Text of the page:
Q. How did you find the recruitment process in the Middle East compared to the UK? 

A. The cultural norms vary a lot in the recruitment process. The whole process takes a lot longer; getting feedback and going through numerous interview stages can sometimes take months whereas back home you can apply for a job and receive an offer within a couple of weeks.

Q. What's the best piece of advice you would give someone who's considering relocating? 

A. Pick your recruiters carefully and build up a good relationship with them. Make sure you do your due diligence about every role that they're presenting you with. Ask about the partner and the other team members. If you have friends already out there, check the firm's reputation in the market with them. I would recommend securing a role before you relocate because trying to find one once you've already relocated is really stressful. Relocation costs are huge so it's important to have a firm helping you cover these. It's definitely not an easy game but the lifestyle is definitely worth it.

Q. What are the main difference between the scope of your work in the UK and the Middle East? 

A. The technical side is the same as everything I work on is modelled on English law which is perfect for my experience. One of the main benefits for me is that my scope of work is much broader now. Especially as I'm in a lean practice, I work across M&A, joint ventures, regulatory, capital markets, commercial contracts, Islamic finance etc. Back in the UK I was only doing acquisition financing whereras in Dubai you can expect to cover a broader spectrum of work.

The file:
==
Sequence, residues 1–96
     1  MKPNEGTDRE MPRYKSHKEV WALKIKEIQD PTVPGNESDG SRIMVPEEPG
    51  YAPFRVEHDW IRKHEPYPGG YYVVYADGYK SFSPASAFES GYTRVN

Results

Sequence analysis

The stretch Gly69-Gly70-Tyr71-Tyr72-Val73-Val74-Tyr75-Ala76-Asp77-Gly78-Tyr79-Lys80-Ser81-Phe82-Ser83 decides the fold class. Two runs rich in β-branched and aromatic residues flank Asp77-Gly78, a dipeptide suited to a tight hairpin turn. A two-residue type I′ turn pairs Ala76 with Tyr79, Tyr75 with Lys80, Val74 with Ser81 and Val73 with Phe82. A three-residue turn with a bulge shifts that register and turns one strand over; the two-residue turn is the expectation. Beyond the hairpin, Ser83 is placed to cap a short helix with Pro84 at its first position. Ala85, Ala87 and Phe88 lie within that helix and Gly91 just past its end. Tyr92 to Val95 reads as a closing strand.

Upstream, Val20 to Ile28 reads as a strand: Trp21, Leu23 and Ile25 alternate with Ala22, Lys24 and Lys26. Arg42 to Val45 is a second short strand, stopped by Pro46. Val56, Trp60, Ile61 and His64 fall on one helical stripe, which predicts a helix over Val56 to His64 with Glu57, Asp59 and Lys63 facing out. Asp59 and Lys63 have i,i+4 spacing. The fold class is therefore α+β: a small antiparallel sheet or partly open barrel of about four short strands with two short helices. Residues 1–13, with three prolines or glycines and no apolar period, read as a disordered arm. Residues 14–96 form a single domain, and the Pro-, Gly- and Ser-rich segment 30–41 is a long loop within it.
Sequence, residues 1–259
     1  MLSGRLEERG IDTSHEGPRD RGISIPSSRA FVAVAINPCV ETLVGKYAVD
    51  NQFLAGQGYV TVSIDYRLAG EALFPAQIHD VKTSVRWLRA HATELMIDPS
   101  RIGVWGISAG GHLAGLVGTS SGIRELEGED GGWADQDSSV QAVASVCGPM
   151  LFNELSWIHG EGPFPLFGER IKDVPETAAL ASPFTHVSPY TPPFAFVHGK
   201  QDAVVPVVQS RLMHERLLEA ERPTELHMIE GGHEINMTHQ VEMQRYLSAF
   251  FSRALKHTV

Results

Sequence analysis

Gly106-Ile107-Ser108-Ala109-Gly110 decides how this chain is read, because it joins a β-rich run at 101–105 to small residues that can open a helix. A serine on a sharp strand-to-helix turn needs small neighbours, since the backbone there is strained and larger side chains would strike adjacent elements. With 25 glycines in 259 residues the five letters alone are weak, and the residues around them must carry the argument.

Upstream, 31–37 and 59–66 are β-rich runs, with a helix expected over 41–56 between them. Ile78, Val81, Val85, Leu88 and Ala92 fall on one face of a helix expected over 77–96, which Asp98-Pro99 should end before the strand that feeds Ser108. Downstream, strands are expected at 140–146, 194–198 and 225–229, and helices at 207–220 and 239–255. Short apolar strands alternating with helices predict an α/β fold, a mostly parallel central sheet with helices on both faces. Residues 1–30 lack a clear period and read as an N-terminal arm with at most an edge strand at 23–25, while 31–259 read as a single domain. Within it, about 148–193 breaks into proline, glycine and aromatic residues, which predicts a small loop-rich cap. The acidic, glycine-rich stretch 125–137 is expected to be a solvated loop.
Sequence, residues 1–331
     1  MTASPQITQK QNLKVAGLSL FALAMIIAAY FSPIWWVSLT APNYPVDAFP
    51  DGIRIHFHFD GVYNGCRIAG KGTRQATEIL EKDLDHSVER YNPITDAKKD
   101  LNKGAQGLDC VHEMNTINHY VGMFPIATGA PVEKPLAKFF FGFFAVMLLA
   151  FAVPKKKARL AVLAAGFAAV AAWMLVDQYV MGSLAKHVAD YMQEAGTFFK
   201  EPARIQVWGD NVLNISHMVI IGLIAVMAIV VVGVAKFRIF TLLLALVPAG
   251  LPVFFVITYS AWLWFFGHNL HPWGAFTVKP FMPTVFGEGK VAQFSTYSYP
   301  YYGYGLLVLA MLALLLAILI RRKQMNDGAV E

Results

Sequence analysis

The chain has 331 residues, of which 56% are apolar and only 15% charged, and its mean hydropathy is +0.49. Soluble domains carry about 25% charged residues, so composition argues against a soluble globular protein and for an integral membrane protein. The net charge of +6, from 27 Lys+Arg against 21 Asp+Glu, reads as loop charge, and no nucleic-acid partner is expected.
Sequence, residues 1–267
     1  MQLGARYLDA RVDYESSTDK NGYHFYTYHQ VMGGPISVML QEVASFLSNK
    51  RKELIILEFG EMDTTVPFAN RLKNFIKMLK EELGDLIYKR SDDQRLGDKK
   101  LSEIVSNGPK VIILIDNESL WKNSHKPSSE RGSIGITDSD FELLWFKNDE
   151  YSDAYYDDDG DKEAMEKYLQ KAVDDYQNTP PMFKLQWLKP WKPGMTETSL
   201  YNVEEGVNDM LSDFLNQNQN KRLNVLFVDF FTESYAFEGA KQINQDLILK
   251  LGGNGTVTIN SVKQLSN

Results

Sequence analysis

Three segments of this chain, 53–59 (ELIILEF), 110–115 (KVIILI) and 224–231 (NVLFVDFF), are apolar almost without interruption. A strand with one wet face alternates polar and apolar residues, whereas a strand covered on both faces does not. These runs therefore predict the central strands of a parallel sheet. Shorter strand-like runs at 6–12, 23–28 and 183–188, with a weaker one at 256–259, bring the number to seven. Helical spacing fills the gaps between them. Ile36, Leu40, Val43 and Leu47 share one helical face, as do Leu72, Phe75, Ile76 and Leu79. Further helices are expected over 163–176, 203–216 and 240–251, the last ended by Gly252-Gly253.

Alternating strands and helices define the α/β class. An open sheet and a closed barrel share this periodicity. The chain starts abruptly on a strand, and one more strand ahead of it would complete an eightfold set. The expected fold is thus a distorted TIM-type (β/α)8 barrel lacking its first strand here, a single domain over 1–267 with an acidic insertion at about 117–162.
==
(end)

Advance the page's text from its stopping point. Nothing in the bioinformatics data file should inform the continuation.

Q. What is the most interesting transaction you've worked on since being out there? 

A. During my training contract I represented an East African state on corruption allegations made against a public official. We dealt with all the work for that case in the Dubai office and I got the opportunity to travel to Africa so that was really interesting. Most recently I've been acting as lead associate for an international high-end fashion brand in their acquisition of a sports and leisure-wear company based in the UAE. I've also recently represented a Singapore-based online media platform's acquisition of another MENA entity.

Q. How long do you plan on staying in Dubai? 

A. I do miss the UK but I just love the lifestyle and earning potential here. The education system is also amazing here. Your kids definitely wouldn't be at any kind of disadvantage with the UAE education system but it is expensive as you don't get free education. Kids don't really work here either but the DIFC are introducing short-term and part-time contracts under new employment laws which might start to change this.

I hope this has been useful for any lawyers considering a relocation to the Middle East. If you've got any further questions i'd be more than happy to help - sgrantham@leap29.com.

Posted by Sarah Grantham